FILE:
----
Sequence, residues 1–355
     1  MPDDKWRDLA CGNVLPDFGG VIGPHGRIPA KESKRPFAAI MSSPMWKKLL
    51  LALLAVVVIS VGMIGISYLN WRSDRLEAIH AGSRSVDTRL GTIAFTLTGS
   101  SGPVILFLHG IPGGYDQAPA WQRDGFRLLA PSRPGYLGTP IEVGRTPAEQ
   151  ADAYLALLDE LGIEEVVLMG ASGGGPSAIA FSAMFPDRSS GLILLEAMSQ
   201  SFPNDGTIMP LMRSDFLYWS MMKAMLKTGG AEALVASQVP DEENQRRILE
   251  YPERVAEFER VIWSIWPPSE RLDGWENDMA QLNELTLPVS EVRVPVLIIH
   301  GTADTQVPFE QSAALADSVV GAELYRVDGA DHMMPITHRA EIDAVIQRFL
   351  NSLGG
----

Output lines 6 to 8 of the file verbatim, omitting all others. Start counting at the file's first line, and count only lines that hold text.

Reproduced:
   201  SFPNDGTIMP LMRSDFLYWS MMKAMLKTGG AEALVASQVP DEENQRRILE
   251  YPERVAEFER VIWSIWPPSE RLDGWENDMA QLNELTLPVS EVRVPVLIIH
   301  GTADTQVPFE QSAALADSVV GAELYRVDGA DHMMPITHRA EIDAVIQRFL